Watching the film now, it’s hard to even lean on feelings of nostalgia. Though, some might revel in its pop-punk-a-licious soundtrack, which culminates in a cameo from Blink-182 themselves, while others might enjoy a game of Remember When. From a 2019 vantage point, the cast’s limitations are more apparent, limits that were born out by numerous stalled careers. They all play their parts well, but very few of them bring anything beyond what’s on the page — as if they were all given a single adjective to play and little else: Nervous, Douchey, Hot, etc. Klein, in particular, is a nice reminder that Election came out that same year and put his dim-witted nice bro powers to far more effective use.
If anything, it’s somewhat revelatory that two of the film’s best performances—Natasha Lyonne’s sarcastic friend Jessica and Eugene Levy’s iconic Jim’s Dad—are inhibited by a relative lack of screentime. Granted, some of these flaws would be easier to forgive if the film was funnier, but that’s one of its biggest problems: It’s just not that funny. The flick is pervy, sure, but it’s also quite normcore. It’s the shock humor equivalent of sticking with missionary. One of the film’s better gags finds Sean William Scott’s douchebag Stiffler chugging down a big gulp of jizz-filled beer, but even that quickly turns redundant. How many times can he almost drink the beer before, finally, he downs it? It’s not uncommon for old comedies to feel slow by modern standards, but when the punchlines in American Pie finally do land, they do so with a gentle thud.
In hindsight, it took Seth Rogen and Evan Goldberg’s Superbad to revive the teen sex comedy, and American Pie quickly displays why the Apatovian improv method was such a necessary correction to scripted studio fare: Better to let a bunch of professionally funny people riff until a good joke appears than to employ a thousand studio hacks churning out weak punchlines. Also, Rogen and Goldberg just wrote a funnier, truer-to-life script, period. Give me Seth’s secret stash of dick drawings over Jason Biggs’s tube sock any day.
Teen movies have always gone through boom and bust cycles, and their appeal is ineffably limited (mostly) to the generations of then-youngsters who were their intended targets. Beach Blanket Bingo had to die so that The Breakfast Club could live. Will future teens care one single whit about Ferris Bueller? Do current teens? But even when these films are weakened by the passage of time, the great ones still usually carry some residue of greatness: A knockdown performance, some fizzling chemistry, a killer soundtrack (or, in the case of 10 Things I Hate About You, all three). But watching American Pie now, it is so entirely divorced from modern sensibilities—both ethically and aesthetically—that it’s almost unwatchable. Any impulse one might feel to forgive its misogyny is mitigated by the lack of anything worth sticking around for.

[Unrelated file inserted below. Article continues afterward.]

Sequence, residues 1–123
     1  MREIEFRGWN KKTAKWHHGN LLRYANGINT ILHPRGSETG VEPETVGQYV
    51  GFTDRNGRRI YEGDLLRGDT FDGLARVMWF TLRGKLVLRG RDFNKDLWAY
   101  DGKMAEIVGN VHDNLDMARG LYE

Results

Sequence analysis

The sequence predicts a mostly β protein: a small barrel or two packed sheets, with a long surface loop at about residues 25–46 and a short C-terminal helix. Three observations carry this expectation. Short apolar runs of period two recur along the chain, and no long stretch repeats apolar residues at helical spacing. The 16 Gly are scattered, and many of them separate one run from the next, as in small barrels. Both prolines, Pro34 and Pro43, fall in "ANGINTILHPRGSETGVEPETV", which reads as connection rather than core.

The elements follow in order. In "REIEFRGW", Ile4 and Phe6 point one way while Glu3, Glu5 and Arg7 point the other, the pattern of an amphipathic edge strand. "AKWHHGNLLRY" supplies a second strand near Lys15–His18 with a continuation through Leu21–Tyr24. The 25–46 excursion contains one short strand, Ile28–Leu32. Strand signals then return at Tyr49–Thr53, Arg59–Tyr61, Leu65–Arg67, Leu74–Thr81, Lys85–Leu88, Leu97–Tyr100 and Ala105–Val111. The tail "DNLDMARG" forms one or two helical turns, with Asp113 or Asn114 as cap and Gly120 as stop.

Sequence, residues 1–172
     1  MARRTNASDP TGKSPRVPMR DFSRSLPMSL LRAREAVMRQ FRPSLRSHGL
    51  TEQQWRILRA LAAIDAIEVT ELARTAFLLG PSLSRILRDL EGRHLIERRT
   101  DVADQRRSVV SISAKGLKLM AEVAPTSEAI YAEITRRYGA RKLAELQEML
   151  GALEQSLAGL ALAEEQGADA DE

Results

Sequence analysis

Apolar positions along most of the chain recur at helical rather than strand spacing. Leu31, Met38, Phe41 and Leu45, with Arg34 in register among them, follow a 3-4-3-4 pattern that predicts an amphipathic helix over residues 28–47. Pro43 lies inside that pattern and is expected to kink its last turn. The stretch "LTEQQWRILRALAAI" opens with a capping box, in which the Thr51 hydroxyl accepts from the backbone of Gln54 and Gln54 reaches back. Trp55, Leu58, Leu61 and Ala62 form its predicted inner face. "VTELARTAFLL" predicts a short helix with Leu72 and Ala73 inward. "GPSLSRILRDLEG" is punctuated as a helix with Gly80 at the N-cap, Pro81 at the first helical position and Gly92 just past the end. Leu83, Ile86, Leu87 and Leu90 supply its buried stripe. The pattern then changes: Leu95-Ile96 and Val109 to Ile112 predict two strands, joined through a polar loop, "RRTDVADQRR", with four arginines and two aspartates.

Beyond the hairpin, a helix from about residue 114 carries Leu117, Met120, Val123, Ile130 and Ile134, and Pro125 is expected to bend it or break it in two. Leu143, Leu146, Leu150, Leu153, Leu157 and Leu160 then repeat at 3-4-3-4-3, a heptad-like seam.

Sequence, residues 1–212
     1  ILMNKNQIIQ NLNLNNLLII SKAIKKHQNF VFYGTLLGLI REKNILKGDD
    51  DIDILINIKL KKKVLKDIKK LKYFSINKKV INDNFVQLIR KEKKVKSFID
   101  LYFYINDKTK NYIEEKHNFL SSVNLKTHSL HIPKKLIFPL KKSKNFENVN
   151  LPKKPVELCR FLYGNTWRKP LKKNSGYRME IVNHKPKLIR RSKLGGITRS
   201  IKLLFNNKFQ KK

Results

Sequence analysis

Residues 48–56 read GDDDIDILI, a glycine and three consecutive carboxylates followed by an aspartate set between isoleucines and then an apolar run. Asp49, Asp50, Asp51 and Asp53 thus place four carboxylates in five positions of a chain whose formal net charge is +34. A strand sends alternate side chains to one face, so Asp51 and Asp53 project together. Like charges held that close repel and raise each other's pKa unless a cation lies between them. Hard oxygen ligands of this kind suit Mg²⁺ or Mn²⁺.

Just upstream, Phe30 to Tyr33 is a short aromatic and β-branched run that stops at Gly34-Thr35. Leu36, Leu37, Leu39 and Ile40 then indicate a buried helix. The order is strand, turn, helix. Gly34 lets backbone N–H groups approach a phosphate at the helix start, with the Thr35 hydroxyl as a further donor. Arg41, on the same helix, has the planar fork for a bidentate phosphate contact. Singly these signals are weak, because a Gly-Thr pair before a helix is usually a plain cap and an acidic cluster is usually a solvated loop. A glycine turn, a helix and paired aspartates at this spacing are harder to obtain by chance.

In its time, American Pie was so successful that it spawned a pair of franchises. In addition to the official mainline sequels— 2001’s American Pie 2, 2003’s American Wedding, and 2012’s American Reunion—there were also the four direct-to-DVD spinoffs starting with 2005’s American Pie Presents: Band Camp. But revisiting the original today, it feels like the end of something, not the beginning, and while that traditionally warrants feelings of melancholy, it might actually be something worth celebrating. “They don’t make movies like American Pie anymore,” some might say, to which the answer is: “That’s probably a good thing.”